In April, it emerged that Donald Trump Jr. seemingly lied to prosecutors investigating the 2016 inauguration—and according to a new report, his sister Ivanka Trump may have too.
Per Mother Jones reporter David Corn, during a December 2020 deposition, the ex-president’s eldest daughter was asked by the D.C. attorney general’s office if she had any “involvement in the process of planning the inauguration.” (D.C. attorney general Karl Racine sued the Trump Organization, the Trump International Hotel, and Trump’s 2016 inaugural committee in January 2020, alleging the groups funneled large amounts of inauguration cash into the first family’s pockets via the hotel.)
Ivanka, who was an executive at the Trump Organization before becoming a senior presidential adviser, reportedly responded under oath, “I really didn’t have an involvement,” adding that if her “opinion was solicited,” she “would give feedback to my father or to anyone who asked my perspective or opinion.” That, she claimed, was that.
But according to documents obtained by Mother Jones, that does not actually appear to be true! Instead, it seems that the former first daughter was intimately involved in the decision-making for various aspects of the inauguration:
One email chain shows that Ivanka Trump was directly involved in the planning of at least one proposed event for the inauguration. On November 29, 2016, Rick Gates, then the deputy chairman of the Presidential Inauguration Committee (known as the PIC), emailed her the current schedule of inauguration events.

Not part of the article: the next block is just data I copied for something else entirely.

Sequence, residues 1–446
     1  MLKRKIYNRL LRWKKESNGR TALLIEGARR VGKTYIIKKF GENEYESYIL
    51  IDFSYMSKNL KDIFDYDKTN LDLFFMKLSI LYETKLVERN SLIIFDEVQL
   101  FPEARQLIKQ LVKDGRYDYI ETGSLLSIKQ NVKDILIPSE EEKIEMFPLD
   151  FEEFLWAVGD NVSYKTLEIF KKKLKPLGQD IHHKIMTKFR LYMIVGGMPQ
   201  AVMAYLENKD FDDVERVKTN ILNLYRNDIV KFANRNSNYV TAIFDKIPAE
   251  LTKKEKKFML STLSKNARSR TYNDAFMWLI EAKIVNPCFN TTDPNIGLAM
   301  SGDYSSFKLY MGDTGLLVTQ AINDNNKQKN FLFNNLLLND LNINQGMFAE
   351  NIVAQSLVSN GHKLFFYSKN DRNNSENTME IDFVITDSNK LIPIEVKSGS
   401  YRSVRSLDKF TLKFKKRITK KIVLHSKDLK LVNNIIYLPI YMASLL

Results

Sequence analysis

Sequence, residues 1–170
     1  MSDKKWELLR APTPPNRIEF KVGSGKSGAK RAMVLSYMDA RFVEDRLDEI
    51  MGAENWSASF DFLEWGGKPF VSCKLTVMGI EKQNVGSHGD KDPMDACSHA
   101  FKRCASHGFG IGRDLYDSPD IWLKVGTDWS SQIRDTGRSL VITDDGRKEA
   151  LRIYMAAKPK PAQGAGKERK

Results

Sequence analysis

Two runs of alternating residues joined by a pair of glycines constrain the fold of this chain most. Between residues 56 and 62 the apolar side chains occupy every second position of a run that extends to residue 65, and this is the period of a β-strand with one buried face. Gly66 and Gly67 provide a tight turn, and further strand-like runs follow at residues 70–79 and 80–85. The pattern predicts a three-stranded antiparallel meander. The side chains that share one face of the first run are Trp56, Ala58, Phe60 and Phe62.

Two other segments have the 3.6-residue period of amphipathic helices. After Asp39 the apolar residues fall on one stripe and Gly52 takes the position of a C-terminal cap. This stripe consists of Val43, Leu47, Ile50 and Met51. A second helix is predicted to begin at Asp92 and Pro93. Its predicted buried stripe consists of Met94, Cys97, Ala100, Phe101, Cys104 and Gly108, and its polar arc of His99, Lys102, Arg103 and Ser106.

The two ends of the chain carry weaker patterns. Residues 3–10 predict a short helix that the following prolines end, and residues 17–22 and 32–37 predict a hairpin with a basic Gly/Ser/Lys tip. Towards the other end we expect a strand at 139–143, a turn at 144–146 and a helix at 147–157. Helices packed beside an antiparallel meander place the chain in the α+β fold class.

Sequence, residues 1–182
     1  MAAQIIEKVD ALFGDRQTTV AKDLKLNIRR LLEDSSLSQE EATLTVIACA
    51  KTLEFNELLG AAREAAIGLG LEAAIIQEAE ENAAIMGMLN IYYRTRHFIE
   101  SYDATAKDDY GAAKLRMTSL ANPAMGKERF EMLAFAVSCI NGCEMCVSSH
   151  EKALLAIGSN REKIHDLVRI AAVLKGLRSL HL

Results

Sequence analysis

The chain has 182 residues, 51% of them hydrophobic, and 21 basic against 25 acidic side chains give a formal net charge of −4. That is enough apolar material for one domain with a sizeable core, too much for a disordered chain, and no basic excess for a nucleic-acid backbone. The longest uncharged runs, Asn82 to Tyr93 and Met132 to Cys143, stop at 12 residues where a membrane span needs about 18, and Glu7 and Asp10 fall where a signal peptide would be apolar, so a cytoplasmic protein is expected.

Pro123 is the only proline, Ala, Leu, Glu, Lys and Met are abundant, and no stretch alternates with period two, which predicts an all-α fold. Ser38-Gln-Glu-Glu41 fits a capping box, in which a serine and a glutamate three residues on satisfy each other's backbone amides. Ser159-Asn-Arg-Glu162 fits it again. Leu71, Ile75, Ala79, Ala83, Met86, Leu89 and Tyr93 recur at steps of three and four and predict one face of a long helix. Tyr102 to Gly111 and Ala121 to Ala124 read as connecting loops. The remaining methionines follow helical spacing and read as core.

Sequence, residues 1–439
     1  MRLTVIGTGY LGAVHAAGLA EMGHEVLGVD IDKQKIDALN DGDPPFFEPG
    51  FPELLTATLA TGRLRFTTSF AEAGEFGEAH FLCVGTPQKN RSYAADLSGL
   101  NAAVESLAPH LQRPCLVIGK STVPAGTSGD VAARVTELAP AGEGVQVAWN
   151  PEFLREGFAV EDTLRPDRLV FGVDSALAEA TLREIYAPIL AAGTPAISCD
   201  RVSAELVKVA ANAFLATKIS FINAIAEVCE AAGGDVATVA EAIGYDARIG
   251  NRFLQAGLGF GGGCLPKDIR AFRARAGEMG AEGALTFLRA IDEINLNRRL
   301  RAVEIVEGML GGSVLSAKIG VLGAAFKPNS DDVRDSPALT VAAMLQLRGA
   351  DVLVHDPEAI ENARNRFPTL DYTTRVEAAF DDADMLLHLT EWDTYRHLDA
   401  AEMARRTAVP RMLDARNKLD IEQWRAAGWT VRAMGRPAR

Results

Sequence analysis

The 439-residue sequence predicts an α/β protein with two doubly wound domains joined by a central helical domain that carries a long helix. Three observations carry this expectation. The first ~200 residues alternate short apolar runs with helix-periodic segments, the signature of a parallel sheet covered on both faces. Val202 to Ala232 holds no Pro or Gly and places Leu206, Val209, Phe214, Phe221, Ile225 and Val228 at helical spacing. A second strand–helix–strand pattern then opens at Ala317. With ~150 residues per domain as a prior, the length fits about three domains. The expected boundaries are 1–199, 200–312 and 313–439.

He noted that Stephanie Winston Wolkoff, a lead producer working with the PIC, “is going to call you to discuss some additional ideas she has about some other events that we would like to see if you would be willing to do based on our meetings.” Ivanka replied to Gates and Winston Wolkoff, “Great. I am looping in my assistant Suzie who can coordinate a time for us to connect.”
A few days later, Winston Wolkoff sent a long “Dear Ivanka and Jared [Kushner]” email to Ivanka Trump and her husband. She thanked them for “our meeting yesterday” and presented them with a “high-level summary” of the inauguration plans “for your review.” This was a detailed report on the assorted events and themes being created for Trump’s inauguration. The “overarching strategic objective,” she reported, was “reinforcing” the theme “With the People: Making America Great.”
She laid out “key” messages, including “Our greatest strength is our people” and “Americans deserve to be heard, and their government needs to listen.” She noted that in their recent meeting, she and Ivanka Trump had discussed how to include Donald Trump’s “constituency” in the events, and Winston Wolkoff referred to proposals for doing so. This included inviting “families from all 50 states to attend official functions” and provide them “Airfare. Accommodations. Hair & makeup.”
In this email, Winston Wolkoff also asked Ivanka to confirm that she would host a “Women’s Entrepreneurs Reception/Dinner” as part of the inauguration. “Please let me know who…you would like invited,” she added. And she asked whether Ivanka Trump would prefer for the event to be hosted at the National Museum of African American History or the National Gallery of Art.
Winston Wolkoff also attached to the email the communications strategy for the inauguration, the proposed event schedule, and a list of the “100 most influential women in Business, Philanthropy, Fashion, Politics and Finance.” She ended the note saying she would “follow up” with them “at TT”—a reference to Trump Tower.